Overall, genetic factors have been associated with intelligence. In fact, intelligence is one of the most heritable behavioral traits (Plomin & Deary, 2014; Plomin, 2018). Physical traits such as height will show a higher correlation, but behavioral traits do not show relationships much over.50. In terms of fluid intelligence, such as the Raven Matrices Test, heritability has been estimated at 51% (Deary, 2012). For crystallized intelligence, which includes what one learns in life, heritability is associated at 40%. Both of these estimates suggest that intelligence is influenced by environmental factors at least as much as by genetic factors. These environmental factors can include the quality of the foods you eat, the availability of health care, whether you exercise, your educational experiences, and other such factors.
As discussed, much of the research on intelligence has come from studies of MZ and DZ twins who vary in genetic similarity. One general finding suggests that there are genetic components that are related to “g” (Plomin & Spinath, 2002; Knopik, Neiderhiser, DeFries, & Plomin, 2017). Robert Plomin and Ian Deary have summarized this research in terms of five critical findings (Plomin & Deary, 2014).
Figure 9-22 A meta-analysis of 11,000 pairs of twins shows that the heritability of intelligence increases significantly from childhood (age 9) to adolescence (age 12) and to young adulthood (age 17).
Heritability increases dramatically from infancy through adulthood: The effect of genes on intelligence is about 20% in infancy, about 40% in adolescence, and about 60% in adulthood. There is some evidence to suggest that this increases to 80% in later life. It is likely that different genes play a role in intelligence at different times of life.
2. Intelligence reflects genetic effects on diverse cognitive and learning abilities: In essence what this suggests is that genetic effects are general rather specific. That is, there is not a set of genes for each ability but rather a number of genes affect general intellectual ability.
3. Assortative mating is greater for intelligence in comparison to personality and psychopathology: Assortative mating suggests that humans do not randomly choose partners but choose partners who are like themselves on some selected trait. Intelligence level is a critical behavioral factor for choosing a mate. This means that spouses are more genetically similar than that found in two individuals chosen at random.
4. Intelligence is normally distributed: Research has shown that the top section of the distribution is just as heritable as the other parts of the distribution.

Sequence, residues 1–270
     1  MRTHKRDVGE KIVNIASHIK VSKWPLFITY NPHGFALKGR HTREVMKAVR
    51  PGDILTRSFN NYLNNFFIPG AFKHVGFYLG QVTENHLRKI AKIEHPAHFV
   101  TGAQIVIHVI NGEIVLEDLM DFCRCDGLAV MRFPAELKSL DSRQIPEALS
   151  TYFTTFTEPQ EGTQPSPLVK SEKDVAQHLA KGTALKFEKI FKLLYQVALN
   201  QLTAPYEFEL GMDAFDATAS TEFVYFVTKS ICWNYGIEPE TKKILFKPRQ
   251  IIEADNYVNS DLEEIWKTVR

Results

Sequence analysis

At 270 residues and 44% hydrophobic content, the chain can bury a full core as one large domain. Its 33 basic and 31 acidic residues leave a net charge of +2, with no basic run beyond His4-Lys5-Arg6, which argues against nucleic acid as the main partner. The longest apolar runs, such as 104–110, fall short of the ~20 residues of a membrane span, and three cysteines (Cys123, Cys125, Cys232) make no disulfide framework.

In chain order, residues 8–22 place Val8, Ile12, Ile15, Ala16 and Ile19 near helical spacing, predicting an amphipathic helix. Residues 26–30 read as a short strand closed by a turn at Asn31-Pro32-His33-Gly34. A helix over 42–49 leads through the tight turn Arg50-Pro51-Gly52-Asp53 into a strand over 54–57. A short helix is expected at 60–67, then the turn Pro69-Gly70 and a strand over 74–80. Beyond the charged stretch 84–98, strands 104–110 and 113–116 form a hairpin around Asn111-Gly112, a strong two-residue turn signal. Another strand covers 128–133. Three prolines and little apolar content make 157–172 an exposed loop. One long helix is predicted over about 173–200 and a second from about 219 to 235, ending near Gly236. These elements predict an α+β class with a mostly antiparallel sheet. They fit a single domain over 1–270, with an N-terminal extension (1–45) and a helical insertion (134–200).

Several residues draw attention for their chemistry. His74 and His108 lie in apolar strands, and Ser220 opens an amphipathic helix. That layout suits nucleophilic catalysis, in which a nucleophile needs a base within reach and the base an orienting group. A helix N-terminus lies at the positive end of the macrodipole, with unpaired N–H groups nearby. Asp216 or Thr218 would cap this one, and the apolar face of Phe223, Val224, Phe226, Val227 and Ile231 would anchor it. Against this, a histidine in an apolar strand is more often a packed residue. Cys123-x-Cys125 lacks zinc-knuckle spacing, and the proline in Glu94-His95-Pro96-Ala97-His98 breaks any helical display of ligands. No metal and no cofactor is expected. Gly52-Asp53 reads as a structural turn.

5. Intelligence is associated with education and social class: This suggests that the genes that influence intelligence also influence education level and social class, and in turn influence health outcomes and mortality.
APOE Gene and Intelligence
Each of your parents contributes to your genetic makeup, which means you can have one variant (allele) of a gene you receive from your father and the same or a different one from your mother. A particular gene related to brain processes is the APOE gene named after the protein it produces. The APOE 4 variant is associated with dementia and Alzheimer’s disease. The risk of dementia is increased in those who have one APOE 4 allele and even more for those who have two APOE 4 alleles (Glorioso et al., 2019).
The Scottish Mental Study of intelligence discovered that those individuals with the APOE 4 allele showed more cognitive decline even in the absence of a neurocognitive disorder (Harris & Deary, 2011). Figure 9-23 shows that at age 11, there was little difference in the IQ scores of those with and without the APOE4 allele. However, by age 79 those with the APOE 4 allele showed a lower IQ score, whereas those without this allele showed a similar IQ score to that seen when they were age 11. On the logical memory task, those with the APOE4 allele showed a decline over the next eight years.
Figure 9-23 Presence of the APOE 4 allele is associated with cognitive decline in individuals without a neurocognitive disorder.
Maintaining Intelligence throughout Life
Maintaining intellectual functioning throughout life has become a popular topic in the media. Numerous brain game systems are available that claim to improve performance and prevent cognitive decline with age. However, the data to support these claims are not definitive (Slagter, 2012). Other techniques that include increased effort may be effective (Tang & Posner, 2014).
What is known is that physical exercise has a profound effect on brain function in both humans and animals (Voss, Vivar, Kramer, & van Praag, 2013). Even more, physical exercise of an hour a day reduced the negative effects of APOE 4 (Schuit et al., 2001). Exercise protects and restores the brain through increased blood flow and other mechanisms. This results in functional and structural changes throughout the brain. The hippocampus, involved in learning and memory, is one specific structure that benefits from exercise. In fact, exercise increases the production of new neurons in the hippocampus. Exercise also plays an important role in aging by promoting healthy cardiovascular function. That is, exercise increases blood flow to the entire brain.
In a review of literature from different areas, Kramer and Erickson (2007) suggest that exercise provides multiple routes to enhancing cognitive vitality across the lifespan. These include both the reduction of disease risk as well as improvement in molecular and cellular structures of the brain. This in turn increases brain function. Further, it is suggested that aerobic exercise affects executive function more than other cognitive processes. Exercise has also been shown to slow the expression of Alzheimer’s-like disorders in a mouse model.